H&S Travel: Horse-Trekking in Iceland

by • August 5, 2017 • Culture, mosiac, TravelComments Off on H&S Travel: Horse-Trekking in Iceland145

photos by Boo Hardy

Just don’t call them ponies! There is an awful lot of horse packed into these diminutive equines that possess an endearing shock of mane that goes in all directions. The Icelandic horses are Iceland’s most faithful servants. While their bodies may be small, their personalities are large, and their hearts even larger. Sure-footed, long-lived, and hardy, they possess great courage and endurance, and are able to cross even the roughest terrain. “They had us at ‘hello,’ and we wanted to bring them home,” says Debbie Long, one of a trio of Lexington (KY) women who joined a week’s ride, along with six other riders, in Iceland in July 2016.

Debbie Long and friends

Iceland is an incredibly beautiful country, with breathtaking landscapes not found anywhere else; a nation of 300,000 people, and 100,000 horses. They don’t import any livestock, and therefore no diseases; so vaccinations are unnecessary. When Long’s group arrived, their boots, gloves, and all their horse equipment, were disinfected, lest unfamiliar organisms be introduced.

Prior to arrival, the riders were asked to fill out a questionnaire that would help the outfitters determine riding ability, and then each guest was matched with a horse. “The first horse you get on is the one that you want to have the last ride on,” Long explains. “The riders could be paired up with ‘favorite’ horses, but we pretty much fell in love with the first one we rode. The name ‘pony’ never occurred to us after we got on. They are horses in every way but size: their attitude, their strength; they are sensible and brave, curious and kind. But they are all about business. Even the young ones are wise.”

Long’s group had two guides: a man and his daughter-in-law; and two more team members accompanied them. These latter were in charge of the herd of about 25 horses that went along with the ride. One person rode in front of the herd, and one in back, and the horses just followed along pretty much in single file. They never deviated; they just stayed in line. There wasn’t a runaway, or a fight; they simply did their job. The riders, when not mounted, loved to walk out among the horses, and Boo Hardy, a member of the Lexington trio who is an accomplished photographer, spent a lot of time among them. “They came up to sniff,” says Hardy. “They are so curious, and so kind. None of us ever felt threatened. We were just in love.”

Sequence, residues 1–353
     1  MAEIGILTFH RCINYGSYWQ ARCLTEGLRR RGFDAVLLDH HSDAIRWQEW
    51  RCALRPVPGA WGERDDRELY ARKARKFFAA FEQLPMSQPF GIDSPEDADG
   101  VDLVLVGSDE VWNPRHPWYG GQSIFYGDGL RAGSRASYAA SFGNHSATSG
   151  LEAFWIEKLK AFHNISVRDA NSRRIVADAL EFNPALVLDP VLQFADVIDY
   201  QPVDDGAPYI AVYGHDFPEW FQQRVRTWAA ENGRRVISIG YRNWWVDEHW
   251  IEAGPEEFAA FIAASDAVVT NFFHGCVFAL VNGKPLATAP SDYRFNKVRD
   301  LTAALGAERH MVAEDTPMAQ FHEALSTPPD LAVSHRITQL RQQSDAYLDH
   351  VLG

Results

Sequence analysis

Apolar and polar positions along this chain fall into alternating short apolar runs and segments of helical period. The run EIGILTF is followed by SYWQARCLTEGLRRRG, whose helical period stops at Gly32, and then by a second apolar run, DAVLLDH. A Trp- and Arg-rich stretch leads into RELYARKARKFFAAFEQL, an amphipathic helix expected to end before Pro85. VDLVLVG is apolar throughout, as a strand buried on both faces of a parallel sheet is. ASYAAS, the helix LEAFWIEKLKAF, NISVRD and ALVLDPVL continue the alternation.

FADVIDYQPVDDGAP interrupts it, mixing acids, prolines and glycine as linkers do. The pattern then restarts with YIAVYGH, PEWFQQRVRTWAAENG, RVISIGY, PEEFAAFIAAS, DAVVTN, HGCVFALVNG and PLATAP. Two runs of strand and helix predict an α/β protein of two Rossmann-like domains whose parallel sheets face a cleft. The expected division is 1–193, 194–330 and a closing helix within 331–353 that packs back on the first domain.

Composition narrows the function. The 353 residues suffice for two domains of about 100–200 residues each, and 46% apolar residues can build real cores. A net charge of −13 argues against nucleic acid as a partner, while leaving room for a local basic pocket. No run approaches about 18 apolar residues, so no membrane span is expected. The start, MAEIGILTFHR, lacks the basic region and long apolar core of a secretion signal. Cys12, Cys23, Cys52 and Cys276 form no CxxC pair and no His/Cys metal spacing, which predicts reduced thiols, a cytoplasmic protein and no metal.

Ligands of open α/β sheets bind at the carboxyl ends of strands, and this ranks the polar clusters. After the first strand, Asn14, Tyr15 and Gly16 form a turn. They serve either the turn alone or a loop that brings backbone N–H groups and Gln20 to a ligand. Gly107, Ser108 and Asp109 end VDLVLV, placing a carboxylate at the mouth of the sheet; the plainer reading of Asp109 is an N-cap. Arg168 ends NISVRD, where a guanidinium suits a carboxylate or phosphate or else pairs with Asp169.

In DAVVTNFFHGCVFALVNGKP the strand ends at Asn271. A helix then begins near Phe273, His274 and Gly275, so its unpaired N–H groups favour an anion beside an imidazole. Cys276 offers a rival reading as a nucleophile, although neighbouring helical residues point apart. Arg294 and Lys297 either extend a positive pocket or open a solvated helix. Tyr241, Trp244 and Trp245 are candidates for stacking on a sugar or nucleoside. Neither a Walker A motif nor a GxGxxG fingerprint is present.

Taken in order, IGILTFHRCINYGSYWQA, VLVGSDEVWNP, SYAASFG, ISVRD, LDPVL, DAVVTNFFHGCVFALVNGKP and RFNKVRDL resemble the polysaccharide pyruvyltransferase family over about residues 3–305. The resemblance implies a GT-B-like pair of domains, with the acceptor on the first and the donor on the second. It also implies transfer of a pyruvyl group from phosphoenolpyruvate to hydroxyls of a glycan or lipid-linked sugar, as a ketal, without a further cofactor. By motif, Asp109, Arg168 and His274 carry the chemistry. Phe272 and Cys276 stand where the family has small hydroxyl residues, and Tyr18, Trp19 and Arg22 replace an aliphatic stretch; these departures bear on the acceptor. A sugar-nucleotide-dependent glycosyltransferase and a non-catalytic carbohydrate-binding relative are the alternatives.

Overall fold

The riders noticed that a young mare had been introduced to the herd, and though she clearly wanted to be accepted, that hadn’t happened yet. She was always a little bit separate from the others, doing her best to be good. “She instantly became the crowd favorite,” Long says. “Everybody was silently rooting for her. The last day on the trail, two of the group brought her up to the place where the people were staying, and gave her special treats.”

Conscientious equestrian girls, our Lexington three noticed that these horses didn’t get a lot of grooming, so Long occasionally picked up a lava rock to use as a curry comb, and gave hers a good scratch, receiving a delighted reaction in return.

After journeying for about four hours in the morning, they would stop for lunch and a rest. They would remove their saddles, and their horses would then join the herd accompanying them. The two men/women in charge of the horses would use stakes and string to make a ‘corral,’ and all the horses would crowd in together for about an hour-and-a-half rest, fenced, as an old Kentucky horseman once said, ‘by consent of the animal.’ The riders had started their day with breakfast, and at the same time, they were provided with a buffet to make lunch for the trail, which they ate at this first stop.

When it was time to ‘mount up’ again, the riders would put their saddles on one of the horses that hadn’t been ridden, and off they would go. Most days, they would be on the trail for about seven hours, according to Long, and they always rode two horses – and usually a third, after an afternoon break. “Strong and healthy, hardy enough to survive the Icelandic winter, these horses are so fit that it never felt like they were overtaxed,” she said.

The Icelandic horse has a special extra gait all its own, called the tölt, and Long couldn’t help smiling as she described it. “It’s the most incredible gait – similar to a saddlebred’s rack. You go so fast! When we first experienced it, we couldn’t stop laughing! The horses seem to love moving at the tölt, and they can speed through the open, sometimes rough, landscape for 20–30 minutes without stopping. We didn’t post, though we could have; we didn’t need to. The gait was smooth, and our saddles were like dressage saddles, with no knee rolls, made for riding with long stirrups and a deep seat.”